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Bishops gather for meeting, Eucharist is focus

By Bishop Terry R. LaValley

June 30, 2021

Twice a year, the full body of the Bishops of the United States gather, normally in June and November, in what are referred to as plenary sessions. Due to the pandemic, our recent gatherings have found us meeting virtually. On June 16-18, we held our most recent plenary session virtually. For the bishops of New York State, it has been even longer since we last met. We were in Rome for the ad limina visit with the Holy Father in November 2019, the last time the U.S. bishops convened in Baltimore.

At our recent meeting, one of the first agenda items that required action by the bishops included votes that advanced the causes of canonization of Joseph Lafleur, Diocesan Priest and of Marinus Leonard LaRue, professed Brother of the Order of St. Benedict. There was overwhelming support for both causes.

The bishops also approved the development of a new formal statement of and comprehensive vision for Native American / Alaska Native ministry. I found this to be especially timely in light of the recent discovery of the buried remains of 215 lost indigenous children at the site of the former Kamloops Indian Residential School in British Columbia about which I wrote in my column in the June 16 issue of the North Country Catholic.

I was privileged to be invited to a special Farewell Gathering held in Akwesasne on June 19 when the parishioners of St. Regis Mission honored Sister Mary Christine Taylor, SSJ for her inspiring ministry to the Native Americans at Akwesasne for over forty years. Many inspiring stories were told of Sister’s devoted service and loving presence to the native Americans. Congratulations and thank you Sister Christine and Sisters of St. Joseph!

Our virtual meeting also saw the bishops approve some edits in liturgical books, including the Liturgy of the Hours and the Order of Penance. Also approved was a proposed draft of “Pastoral Framework for Marriage and Family Life Ministry in the United States.”

In addition to such “Action Items,” reports were offered by the Center for Applied Research in the Apostolate (CARA) regarding the pastoral care of migrants, refugees, and travelers; The Catechism of the Catholic Church; “A National Framework on Youth and Young Adults;” and a report and discussion on urgent immigration matters.
The chairwoman of the National Review Board, Ms. Suzanne Healy, commended the American bishops for the progress that has occurred since 2002 when the sex abuse scandal rocked the church. She cited several examples of significant improvements that have been instituted since the promulgation of the Charter for the Protection of Children and Young People. She challenged the bishops to continue with outreach efforts to address the ongoing needs of survivors.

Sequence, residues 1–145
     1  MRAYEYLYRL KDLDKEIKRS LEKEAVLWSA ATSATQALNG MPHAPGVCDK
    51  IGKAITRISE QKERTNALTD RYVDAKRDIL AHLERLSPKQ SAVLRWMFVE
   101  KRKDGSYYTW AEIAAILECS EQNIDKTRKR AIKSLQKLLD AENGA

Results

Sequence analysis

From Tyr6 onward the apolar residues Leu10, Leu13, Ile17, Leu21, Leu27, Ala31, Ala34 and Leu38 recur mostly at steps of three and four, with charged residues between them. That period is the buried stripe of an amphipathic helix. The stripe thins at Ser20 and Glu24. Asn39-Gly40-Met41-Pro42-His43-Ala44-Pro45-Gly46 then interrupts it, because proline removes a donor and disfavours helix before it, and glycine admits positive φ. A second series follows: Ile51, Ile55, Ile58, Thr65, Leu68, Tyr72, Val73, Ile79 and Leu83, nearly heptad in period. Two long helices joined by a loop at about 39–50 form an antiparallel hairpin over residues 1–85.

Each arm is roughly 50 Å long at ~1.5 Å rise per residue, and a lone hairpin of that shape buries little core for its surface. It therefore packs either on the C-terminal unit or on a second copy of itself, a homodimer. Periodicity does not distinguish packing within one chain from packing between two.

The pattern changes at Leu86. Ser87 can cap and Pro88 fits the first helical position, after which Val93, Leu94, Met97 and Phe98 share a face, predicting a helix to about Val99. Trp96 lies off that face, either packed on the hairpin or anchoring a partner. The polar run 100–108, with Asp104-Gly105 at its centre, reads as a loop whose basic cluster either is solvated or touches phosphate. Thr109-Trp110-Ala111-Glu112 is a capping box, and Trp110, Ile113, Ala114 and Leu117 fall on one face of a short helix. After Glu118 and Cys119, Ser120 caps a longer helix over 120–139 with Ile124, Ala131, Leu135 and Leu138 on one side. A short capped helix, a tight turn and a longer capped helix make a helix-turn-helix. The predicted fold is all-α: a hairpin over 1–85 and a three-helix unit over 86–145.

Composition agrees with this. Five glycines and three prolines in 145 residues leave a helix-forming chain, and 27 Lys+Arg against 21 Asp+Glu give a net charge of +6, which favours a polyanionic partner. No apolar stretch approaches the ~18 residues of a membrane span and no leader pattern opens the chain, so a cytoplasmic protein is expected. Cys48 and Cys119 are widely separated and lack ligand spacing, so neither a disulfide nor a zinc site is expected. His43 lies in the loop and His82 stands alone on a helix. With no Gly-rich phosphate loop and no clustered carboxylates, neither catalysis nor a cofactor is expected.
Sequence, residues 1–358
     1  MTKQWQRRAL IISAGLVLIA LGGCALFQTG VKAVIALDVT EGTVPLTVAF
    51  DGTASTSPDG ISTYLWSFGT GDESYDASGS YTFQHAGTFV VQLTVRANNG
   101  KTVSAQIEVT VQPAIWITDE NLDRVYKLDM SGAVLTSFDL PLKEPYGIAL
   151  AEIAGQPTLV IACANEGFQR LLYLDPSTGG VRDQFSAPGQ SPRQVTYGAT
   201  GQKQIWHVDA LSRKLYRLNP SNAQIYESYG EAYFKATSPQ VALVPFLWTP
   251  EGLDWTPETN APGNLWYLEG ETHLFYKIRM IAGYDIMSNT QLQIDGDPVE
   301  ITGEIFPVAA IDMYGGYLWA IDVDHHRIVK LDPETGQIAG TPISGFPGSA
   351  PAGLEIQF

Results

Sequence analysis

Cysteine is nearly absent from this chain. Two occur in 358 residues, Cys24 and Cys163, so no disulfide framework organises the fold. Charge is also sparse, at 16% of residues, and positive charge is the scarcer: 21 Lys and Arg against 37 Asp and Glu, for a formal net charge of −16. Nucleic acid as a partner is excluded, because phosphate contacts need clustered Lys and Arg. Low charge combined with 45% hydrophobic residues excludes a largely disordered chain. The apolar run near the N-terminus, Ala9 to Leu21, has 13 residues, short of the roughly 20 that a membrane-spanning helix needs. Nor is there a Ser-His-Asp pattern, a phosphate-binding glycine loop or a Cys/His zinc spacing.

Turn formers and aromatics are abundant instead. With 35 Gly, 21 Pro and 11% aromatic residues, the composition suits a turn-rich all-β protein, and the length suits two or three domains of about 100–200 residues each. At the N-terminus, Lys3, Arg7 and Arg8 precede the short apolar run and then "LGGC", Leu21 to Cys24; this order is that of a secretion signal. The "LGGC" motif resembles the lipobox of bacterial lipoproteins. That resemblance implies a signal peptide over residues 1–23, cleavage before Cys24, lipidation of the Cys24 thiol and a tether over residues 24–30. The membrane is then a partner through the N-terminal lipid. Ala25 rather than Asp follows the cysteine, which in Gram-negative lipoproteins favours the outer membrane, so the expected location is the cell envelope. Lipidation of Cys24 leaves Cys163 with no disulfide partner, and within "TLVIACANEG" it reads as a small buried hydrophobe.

A few weeks ago, I held regional meetings with the priests of our diocese and then with our permanent deacons. This was a good opportunity for us to share our pastoral and personal experiences during the pandemic and speak of our concerns as we move forward, hopefully soon, out of the emergency mode into a state of somewhat normalcy.

A concern that surfaced at all our local gatherings was participation at Eucharist. Would the faithful return to Mass? How can we increase Mass attendance beyond what it was before the coronavirus reared its ugly head? Livestreaming was a wonderful tool for those who did not come to Church, but it does not substitute for actual presence. From these discussions, there was a consensus that now is the time for us to focus our efforts on the Eucharist. This is a “teachable” moment. With that in mind, several weeks ago, the clergy of our diocese took part in an online program on the Eucharist presented by the editor of Adoremus and director of the Office for Sacred Worship in the Diocese of LaCrosse, Wisconsin, Christopher Carstens.

Monsignor Robert Aucoin is coordinating our diocesan efforts to address the centrality of the Eucharist in the Diocese of Ogdensburg. Simultaneous to this, the USCCB is proposing a Eucharistic Revival 2022-2024 that will include: Diocesan Revival, Parish Revival and National Revival. This national project is in its formative stage. We plan to integrate our local efforts with the national project.

Given the times in which we live, I believe it essential to focus on the Eucharist, the “source and summit” of who we are and what we believe as Catholic Christians. I strongly support the decision that approved the request of the Committee on Doctrine to proceed with the drafting of a formal statement on the meaning of the Eucharist in the life of the Church. In its development, I hope the document will focus on: The Eucharist: A Mystery to be believed, to be celebrated, and to be lived. The proposed document would include teaching on the Real Presence of the Body and Blood of Christ in Holy Communion as well as moral transformation.

I am a pastor of souls, not a policeman of consciences. I have the responsibility of teaching what Christ has handed on to His Apostles and, through them, the Church. No one is exempt from having a well-informed conscience and living what Christ has taught. This is to be a teaching document on the Eucharist, not a public indictment against certain individuals. The bishops have a responsibility to proclaim the Truth with conviction and clarity. The truth should strengthen, not weaken our unity.

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